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Scattering amplitude




The scattering amplitude describes the amplitude of an outgoing, elementary, spherical wave relative to a plane, incoming wave scattered on a point size particle. Since the spherical wave amplitude varies with \frac{1}{R} (note, the intensity is the |square| of the amplitude), R being the distance to the point scatterer, the unit of the scattering amplitude includes the unit of a length with respect to the units of the incoming wave. Therefore, the scattering amplitude is often also called scattering length.

Additional recommended knowledge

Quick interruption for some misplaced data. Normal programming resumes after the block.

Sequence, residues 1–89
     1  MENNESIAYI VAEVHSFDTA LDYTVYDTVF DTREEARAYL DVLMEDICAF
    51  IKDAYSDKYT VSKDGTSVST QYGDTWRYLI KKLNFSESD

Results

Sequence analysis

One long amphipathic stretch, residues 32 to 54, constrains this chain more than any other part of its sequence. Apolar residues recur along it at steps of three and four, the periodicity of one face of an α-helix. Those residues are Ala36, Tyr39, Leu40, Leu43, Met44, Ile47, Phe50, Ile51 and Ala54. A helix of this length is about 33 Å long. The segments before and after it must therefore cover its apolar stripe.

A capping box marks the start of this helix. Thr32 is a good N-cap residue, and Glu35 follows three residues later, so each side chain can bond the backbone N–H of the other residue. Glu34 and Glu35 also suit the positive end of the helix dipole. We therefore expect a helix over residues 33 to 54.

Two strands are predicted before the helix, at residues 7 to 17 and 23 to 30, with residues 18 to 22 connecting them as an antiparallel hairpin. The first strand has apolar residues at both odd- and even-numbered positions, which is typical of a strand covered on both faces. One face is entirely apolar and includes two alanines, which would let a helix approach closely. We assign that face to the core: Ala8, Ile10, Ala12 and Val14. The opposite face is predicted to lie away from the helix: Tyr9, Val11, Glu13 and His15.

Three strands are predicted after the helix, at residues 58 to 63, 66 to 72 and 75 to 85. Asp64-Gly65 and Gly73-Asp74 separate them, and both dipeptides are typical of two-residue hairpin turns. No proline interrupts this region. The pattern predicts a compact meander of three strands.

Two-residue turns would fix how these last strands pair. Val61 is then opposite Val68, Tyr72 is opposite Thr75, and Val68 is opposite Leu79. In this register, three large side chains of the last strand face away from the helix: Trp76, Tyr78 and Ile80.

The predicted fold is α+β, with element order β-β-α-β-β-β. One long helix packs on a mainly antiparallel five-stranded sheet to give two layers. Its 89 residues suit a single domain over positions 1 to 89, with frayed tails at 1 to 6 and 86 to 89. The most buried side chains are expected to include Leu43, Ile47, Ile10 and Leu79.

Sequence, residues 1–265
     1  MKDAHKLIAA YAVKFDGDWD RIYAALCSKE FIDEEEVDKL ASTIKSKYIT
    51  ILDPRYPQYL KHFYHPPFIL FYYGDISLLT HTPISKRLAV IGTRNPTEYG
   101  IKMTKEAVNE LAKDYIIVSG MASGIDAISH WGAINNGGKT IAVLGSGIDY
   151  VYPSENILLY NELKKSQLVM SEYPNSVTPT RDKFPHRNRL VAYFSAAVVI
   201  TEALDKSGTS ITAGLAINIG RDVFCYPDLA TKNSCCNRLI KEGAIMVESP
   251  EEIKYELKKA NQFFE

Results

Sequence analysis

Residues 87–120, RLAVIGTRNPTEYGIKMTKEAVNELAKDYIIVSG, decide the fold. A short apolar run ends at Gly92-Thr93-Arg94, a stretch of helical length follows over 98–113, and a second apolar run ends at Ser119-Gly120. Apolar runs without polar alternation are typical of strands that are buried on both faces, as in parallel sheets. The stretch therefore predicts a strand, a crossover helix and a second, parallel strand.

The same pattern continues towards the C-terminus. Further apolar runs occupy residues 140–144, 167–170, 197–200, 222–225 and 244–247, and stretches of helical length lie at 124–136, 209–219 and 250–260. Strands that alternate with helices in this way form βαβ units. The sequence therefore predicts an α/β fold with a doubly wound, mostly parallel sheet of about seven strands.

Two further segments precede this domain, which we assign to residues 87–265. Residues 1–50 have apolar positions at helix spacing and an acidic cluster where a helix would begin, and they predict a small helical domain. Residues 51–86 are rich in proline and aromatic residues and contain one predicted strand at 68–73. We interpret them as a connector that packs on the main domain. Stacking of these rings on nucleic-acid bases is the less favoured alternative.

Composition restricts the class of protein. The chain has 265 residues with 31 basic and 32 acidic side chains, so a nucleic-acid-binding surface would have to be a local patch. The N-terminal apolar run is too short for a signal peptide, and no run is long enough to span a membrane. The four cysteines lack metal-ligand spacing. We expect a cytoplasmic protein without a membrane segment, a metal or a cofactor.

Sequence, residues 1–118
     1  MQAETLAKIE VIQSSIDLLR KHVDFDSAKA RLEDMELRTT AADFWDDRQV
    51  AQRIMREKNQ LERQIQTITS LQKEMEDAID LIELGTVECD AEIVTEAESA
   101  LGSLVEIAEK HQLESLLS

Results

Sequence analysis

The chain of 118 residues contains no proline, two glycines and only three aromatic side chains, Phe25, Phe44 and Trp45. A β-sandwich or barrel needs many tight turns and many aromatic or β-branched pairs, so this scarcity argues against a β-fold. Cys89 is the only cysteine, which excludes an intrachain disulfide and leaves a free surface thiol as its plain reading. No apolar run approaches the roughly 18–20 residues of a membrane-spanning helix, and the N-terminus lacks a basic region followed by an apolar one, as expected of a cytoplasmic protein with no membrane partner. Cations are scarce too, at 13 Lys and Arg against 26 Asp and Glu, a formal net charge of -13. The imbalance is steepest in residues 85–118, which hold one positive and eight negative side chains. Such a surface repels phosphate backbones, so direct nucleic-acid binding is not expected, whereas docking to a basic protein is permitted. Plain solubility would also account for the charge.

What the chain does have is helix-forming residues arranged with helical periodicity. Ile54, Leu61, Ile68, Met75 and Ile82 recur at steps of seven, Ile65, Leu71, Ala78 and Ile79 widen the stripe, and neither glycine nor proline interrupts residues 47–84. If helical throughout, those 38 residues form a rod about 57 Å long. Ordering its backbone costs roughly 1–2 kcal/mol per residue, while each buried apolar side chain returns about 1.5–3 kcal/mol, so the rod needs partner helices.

Contents

Scattering cross section

The scattering amplitude, f, relates to the scattering cross section, s by s = 4πf2.

X-rays

The scattering length for X-rays is the Thompson scattering length or classical electron radius, r0.

Neutrons

The nuclear neutron scattering process involves the coherent neutron scattering length, often described by b.

Quantum mechanical formalism

A quantum mechanical approach is given by the S matrix formalism.

 
This article is licensed under the GNU Free Documentation License. It uses material from the Wikipedia article "Scattering_amplitude". A list of authors is available in Wikipedia.
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